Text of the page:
Fatal Disease Outbreak Among Miners Spurs House Hearings On Coal Mine Dust
The incoming chairman of the congressional committee that oversees workplace regulations said Tuesday he will hold hearings next year in response to an NPR and Frontline investigation that revealed the failure of government regulators to identify and prevent a fatal disease outbreak among coal miners.
Rep. Bobby Scott, D-Va., said the investigation "reveals how coal executives, regulators, and policymakers have failed coal miners and their families."
Scott is expected to become chairman of the House Committee on Education and the Workforce in the next Congress.
In stories published Tuesday and broadcast on Morning Edition and All Things Considered, NPR and Frontline reported that federal regulators and the mining industry knew more than 20 years ago that toxic silica dust in coal mines was leading to severe and fatal lung disease. But no administration then or since has imposed direct and tougher regulation of silica dust in mines.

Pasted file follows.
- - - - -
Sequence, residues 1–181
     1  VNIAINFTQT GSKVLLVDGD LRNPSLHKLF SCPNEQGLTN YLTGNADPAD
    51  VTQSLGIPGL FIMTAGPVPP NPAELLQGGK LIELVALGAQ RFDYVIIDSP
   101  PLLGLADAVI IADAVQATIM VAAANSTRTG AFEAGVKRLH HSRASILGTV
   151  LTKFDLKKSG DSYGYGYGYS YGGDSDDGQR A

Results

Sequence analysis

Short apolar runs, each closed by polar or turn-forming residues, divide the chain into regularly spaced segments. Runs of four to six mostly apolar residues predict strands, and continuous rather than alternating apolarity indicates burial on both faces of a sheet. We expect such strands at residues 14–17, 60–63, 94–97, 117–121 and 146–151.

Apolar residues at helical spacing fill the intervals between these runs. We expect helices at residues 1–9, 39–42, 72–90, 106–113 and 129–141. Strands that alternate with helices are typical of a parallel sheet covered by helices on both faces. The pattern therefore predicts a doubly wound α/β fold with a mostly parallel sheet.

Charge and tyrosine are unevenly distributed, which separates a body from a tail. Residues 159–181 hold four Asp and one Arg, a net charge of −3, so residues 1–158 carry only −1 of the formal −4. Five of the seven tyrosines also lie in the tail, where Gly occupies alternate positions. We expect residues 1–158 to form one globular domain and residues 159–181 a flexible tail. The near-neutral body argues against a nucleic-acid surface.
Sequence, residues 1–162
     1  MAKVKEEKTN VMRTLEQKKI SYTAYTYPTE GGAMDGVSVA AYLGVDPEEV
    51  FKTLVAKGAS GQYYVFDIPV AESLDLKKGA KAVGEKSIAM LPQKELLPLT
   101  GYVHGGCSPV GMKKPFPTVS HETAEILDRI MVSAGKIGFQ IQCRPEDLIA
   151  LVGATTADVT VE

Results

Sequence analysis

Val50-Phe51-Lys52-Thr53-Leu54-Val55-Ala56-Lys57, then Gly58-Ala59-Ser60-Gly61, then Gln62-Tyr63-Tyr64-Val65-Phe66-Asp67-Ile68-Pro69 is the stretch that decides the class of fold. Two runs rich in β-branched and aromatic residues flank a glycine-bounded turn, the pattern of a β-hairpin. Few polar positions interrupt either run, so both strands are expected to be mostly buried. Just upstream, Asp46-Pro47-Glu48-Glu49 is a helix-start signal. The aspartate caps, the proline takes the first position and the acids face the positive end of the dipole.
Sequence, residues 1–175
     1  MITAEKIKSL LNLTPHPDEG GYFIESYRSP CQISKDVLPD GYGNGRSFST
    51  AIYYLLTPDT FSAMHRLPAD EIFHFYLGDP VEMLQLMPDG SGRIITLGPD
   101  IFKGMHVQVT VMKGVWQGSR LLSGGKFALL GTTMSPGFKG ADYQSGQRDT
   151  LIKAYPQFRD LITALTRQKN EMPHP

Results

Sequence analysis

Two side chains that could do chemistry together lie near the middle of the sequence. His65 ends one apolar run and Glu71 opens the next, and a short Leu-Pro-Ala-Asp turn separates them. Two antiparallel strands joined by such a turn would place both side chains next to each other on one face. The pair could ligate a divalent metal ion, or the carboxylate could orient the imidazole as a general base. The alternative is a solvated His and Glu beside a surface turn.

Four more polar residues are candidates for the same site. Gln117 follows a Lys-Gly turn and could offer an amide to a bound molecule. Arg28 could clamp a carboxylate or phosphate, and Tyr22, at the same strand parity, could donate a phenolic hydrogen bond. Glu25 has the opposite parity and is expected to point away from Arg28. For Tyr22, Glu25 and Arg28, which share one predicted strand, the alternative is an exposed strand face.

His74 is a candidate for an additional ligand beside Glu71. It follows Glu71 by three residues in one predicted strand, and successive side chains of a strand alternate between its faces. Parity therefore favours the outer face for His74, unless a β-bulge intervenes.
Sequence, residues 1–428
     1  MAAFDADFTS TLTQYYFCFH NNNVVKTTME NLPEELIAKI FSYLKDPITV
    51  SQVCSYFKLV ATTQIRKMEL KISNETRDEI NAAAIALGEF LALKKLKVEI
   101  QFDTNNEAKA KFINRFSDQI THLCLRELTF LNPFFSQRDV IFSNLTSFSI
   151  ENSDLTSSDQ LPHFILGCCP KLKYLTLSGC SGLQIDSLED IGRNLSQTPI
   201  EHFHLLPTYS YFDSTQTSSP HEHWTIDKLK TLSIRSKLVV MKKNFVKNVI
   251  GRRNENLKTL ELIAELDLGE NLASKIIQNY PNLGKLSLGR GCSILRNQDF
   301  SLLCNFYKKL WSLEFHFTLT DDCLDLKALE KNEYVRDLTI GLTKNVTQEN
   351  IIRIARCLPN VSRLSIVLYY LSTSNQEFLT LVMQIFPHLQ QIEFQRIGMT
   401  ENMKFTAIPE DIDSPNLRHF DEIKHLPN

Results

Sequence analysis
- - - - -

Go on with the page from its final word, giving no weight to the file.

"Congress has no choice but to step in and direct [the Mine Safety and Health Administration] and the mining industry to take timely action," Scott said in a statement.
MSHA didn't immediately respond to requests for comment Tuesday night.
Ashley Burke, spokeswoman for the National Mining Association, the industry's leading trade group, said NMA hopes new dust control regulations that took full effect in 2016 "reverses the trend examined in your report."
Burke also said NMA wants mandatory black lung testing for all coal miners and more flexibility in using protective devices like special helmets.
Coal miner Danny Smith, who is featured in the NPR investigation and suffers from advanced black lung disease, said he is astonished at the news of the hearings.
"It's just absolutely wonderful for all of us," he said, from a holiday gathering at a pulmonary rehabilitation clinic in South Williamson, Ky. "At least they're taking notice that there is a problem," he said. "It's great. It's wonderful."
Scott said he is calling the hearings "to forge legislative solutions so that we can prevent the physical, emotional, and financial toll of this completely preventable disease."
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